A few FitDog Fridays ago, my dachshund brother, Wilhelm, shared the stretching and massage that he enjoys after a workout. Some of what he does was taught to us by my SAMP, Catherine Kirkness, of Heal K9. I also shared ho much my SAMP helps me in preventing my limp in my FitDog Friday post, Keeping A Fragile Dog Fit. So when Catherine came to see me for my massage this week, I thought it would be fun to interview her so all of you FitDog Friday blog hop friends could get to know her and what she does. I interviewed Catherine while she was giving me an awesome massage, so hopefully you like it almost as much as I did. In fact, you may enjoy the interview more if you read it while your getting a massage. Yes. I recommend that.
What is a SAMP/Small Animal Massage Practitioner?
“The small part is basically dogs, rabbits, cats, little furry creatures. Horses and large animals is a different certification though there is some overlap. When I did the courses at the Northwest School [of Animal Massage,] we did a lot together but the practical parts are more specific, They’d go out to the barn for the horses and we’d stay inside for the dogs. A lot of the muscles are similar but there’s a few differences. It also depends on what the dogs or horses are doing, their activity level. There are special things that you do for a dog that’s an agility dog or for a horse that’s a jumper, so those are specific to the certification.
“I think basically all dogs are good candidates. It’s just some, like the golden’s, the first time they meet you, the first second, they’ll lay down and you can just massage them all over. Some dogs, it takes easing into it. Getting them to get to know you and to know what you’re doing because we’re up close and personal and touching all over, aren’t we? So they have to be comfortable with it but especially dogs that are limping, are compensating, have tightness in their upper neck and upper shoulders, they’re pretty quick to respond because it feels good.”
“You can see the baseline and the issues tend to show up when dogs are walking slow. Like when you were zipping up and down the hall, you were looking pretty good. Watching dogs, the basic gait, the shifting when they turn one direction or the other, you can see if they have any issues there. “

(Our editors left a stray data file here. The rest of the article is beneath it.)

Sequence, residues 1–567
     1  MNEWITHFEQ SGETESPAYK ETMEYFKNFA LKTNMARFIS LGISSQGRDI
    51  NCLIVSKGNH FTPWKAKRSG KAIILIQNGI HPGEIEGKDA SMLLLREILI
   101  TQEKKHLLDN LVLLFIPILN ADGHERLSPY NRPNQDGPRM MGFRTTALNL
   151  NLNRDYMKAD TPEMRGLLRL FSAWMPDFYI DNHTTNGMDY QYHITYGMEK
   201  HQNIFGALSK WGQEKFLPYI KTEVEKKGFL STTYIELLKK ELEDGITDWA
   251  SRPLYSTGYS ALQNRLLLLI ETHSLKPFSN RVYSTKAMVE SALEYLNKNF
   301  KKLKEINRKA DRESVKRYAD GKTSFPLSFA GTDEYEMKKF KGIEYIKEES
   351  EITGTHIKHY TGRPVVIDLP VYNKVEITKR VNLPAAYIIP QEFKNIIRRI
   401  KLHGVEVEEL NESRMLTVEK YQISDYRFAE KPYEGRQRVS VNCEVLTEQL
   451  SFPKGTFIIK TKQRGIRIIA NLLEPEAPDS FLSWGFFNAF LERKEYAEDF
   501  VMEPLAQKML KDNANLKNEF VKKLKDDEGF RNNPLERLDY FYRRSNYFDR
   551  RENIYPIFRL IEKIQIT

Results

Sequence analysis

“This [me on my back, belly up] is a great position to do a lot with front limbs. You can do stretching and range of motion but you've done this enough. You know that’ s what I need to tend to. I may have ideas, I’d like to work your back end or something, but if it’s your front end, you will tell me. Exactly. I’m going to tend to what’s tight. The lower neck, the upper part of the shoulders... You're a good boy. What a good boy... You get tight in the neck. That’s a very good spot for you. You're kind of sinking into it here. Which is what we want. You're not showing any apparent tenderness with what I’m working so far. The muscles were awfully tight... It’s not major guarding but you don’t like me doing anything with a lot of pressure down [by my paws] but you've never been fond of that. You tell me this is the limit versus maybe we just invite going a little further. You do loosen up quite nicely. I got more time further down the leg today but the lower part, your paws, you're not… You let me do some passive touch on those lower parts.”
Is that true for most dogs?
"Anything more than half an hour and you've had enough and probably most are. Chari [Catherine’s German shepherd] who has had this done for so long, could do two hours, and Luther [Catherine’s other German shepherd] is right up there too. But actual therapeutic work, you don’t want to over work the muscles so a half and hour is typically right."